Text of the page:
Le samedi 09 juin 2007 22:14, Nasir Khan a ˝─rit
> Ah! pqueue.rb was changed to be backward incompatible from facets
> 1.8.51 -> 1.8.54
>
>
> # 1.8.51
>  def initialize(compareProc=lambda{|x,y| x>y})
>     # By default, retrieves maximal elements first.
>     @qarray=[nil]; @size=0; @gt=compareProc; make_legal
>  end
>
>
> # 1.8.54
>  def initialize(elements=nil, &block) # :yields: a, b
>     @qarray = [nil]
>     @size = 0
>     @gt = block || lambda {|a,b| a > b}
>     replace(elements) if elements
>   end
>
>
> Is there a way to load 1.8.51 version of one file (in this case
> pqueue.rb) while use rest of the facets gem 1.8.54?
> The other option is to monkey patch :-(
> Any other option?
>
> - nasir
>

Hi,

Yes you are right, pqueue was rewritten and the api changed a lot. In Facets, 
there was two different classes for the same purpose, PQueue and Heap, which 
both provided a heap based priority queue. The latter was broken, although it 
had functionalities that pqueue lacked.

So, I merged both classes into one full-featured class, with a different API, 
closer to the Array one and more ruby-like to me. I submitted it, and as I 
based my work on pqueue, it replaced the previous version of the class, and 
Heap was removed.

Here is the notes I transmitted to Trans, who maintains Facets :

* Initialization can take both initial values and comparison block, both 
optionnaly. Whereas the original PQueue take only a block, and Heap take only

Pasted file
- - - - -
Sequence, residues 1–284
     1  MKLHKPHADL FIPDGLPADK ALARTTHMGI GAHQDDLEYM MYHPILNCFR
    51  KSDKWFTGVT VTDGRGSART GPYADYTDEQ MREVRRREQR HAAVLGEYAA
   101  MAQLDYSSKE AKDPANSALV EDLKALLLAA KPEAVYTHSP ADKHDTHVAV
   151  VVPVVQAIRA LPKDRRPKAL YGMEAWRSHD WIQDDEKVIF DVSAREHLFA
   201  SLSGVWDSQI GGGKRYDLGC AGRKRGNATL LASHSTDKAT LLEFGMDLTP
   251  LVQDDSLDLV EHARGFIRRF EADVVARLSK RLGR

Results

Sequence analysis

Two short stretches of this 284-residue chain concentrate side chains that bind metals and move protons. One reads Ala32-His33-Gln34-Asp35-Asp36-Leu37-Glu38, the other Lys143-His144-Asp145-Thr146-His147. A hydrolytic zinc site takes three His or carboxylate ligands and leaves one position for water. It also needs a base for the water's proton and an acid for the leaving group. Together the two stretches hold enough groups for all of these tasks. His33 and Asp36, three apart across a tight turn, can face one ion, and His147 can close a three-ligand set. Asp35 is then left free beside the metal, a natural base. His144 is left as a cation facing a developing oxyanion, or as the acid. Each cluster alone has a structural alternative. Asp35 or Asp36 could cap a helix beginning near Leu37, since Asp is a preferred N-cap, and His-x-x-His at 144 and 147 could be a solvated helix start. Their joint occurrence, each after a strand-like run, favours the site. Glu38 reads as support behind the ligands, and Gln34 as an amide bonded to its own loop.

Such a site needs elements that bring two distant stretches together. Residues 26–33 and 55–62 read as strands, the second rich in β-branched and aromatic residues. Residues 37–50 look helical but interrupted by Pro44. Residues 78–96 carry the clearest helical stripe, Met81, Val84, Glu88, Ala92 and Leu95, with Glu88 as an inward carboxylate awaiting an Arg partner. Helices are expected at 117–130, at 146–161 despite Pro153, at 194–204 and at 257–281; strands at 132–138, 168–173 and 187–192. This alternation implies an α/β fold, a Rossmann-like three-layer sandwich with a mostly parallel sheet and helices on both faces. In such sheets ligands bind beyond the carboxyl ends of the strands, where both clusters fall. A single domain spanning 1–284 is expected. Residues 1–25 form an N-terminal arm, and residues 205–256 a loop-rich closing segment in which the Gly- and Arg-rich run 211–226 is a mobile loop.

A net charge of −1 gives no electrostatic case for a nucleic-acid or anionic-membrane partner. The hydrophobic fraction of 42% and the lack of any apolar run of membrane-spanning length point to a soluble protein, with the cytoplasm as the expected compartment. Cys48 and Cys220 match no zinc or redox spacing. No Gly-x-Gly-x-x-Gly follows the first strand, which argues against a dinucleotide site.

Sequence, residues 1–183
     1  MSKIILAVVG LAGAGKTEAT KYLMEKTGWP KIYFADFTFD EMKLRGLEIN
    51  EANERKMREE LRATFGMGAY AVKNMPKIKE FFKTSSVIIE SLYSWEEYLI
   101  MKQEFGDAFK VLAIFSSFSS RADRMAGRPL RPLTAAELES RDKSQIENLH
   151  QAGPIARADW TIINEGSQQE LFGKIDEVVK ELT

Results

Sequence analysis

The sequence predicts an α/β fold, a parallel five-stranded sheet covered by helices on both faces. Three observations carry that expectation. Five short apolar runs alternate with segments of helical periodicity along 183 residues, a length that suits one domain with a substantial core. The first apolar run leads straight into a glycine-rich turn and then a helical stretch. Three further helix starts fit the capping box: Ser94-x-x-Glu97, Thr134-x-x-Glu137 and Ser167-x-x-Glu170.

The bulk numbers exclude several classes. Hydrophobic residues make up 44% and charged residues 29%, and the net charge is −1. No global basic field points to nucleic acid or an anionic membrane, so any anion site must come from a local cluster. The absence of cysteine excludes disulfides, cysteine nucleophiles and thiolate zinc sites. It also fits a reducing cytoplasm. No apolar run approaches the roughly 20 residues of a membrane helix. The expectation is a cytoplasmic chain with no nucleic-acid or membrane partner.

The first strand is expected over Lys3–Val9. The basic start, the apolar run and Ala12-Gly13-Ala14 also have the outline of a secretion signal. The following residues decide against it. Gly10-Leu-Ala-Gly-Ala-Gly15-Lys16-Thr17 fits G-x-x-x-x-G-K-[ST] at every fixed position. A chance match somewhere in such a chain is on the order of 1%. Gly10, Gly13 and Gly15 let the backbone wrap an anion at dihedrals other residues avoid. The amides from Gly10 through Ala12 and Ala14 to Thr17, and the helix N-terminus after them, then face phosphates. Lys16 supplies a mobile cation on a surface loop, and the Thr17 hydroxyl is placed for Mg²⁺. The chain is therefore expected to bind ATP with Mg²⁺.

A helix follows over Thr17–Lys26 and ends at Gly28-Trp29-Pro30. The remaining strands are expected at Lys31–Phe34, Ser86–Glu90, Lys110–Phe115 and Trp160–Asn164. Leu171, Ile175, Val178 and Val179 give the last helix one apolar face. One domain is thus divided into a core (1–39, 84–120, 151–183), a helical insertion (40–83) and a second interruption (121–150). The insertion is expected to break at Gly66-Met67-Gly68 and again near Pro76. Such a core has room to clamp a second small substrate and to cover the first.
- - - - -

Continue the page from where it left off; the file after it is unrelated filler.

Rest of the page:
the initial values and needs to be subclassed in order to implement the 
comparison
* Every methods which take an array as a parameter (initialize, push_all, 
replace) can now take any object that responds to #to_a, and are optimized in 
the case where the given object is a PQueue itself.
* Creating a queue from scratch (with #initialize or with #replace) is faster 
than for the original PQueue, by adapting the #heapify method from Heap.
* Added consistent methods #inspect, #==, #initialize_copy.
* Methods are documented and unit-tested.

I dropped some methods from both original classes :
* PQueue#make_legal, useless since the PQueue is now always legal
* PQueue#replace_top_low, which I can't figure out the purpose :)
* PQueue#each_with_index, already provided by Enumerator
* Heap#sort_internal, was like an inplace-sort, but it destroyed the PQueue. 

Actually, I didn't know it was already commited :)
If you used only push, pop, clear and empty? in your client code, then the 
only api change is for the instanciation method, which doesn't take a Proc 
object as an argument, but a block.

I see no other solution than monkey patching, if you really don't want to 
modify your client code.

Regards

-- 
Olivier Renaud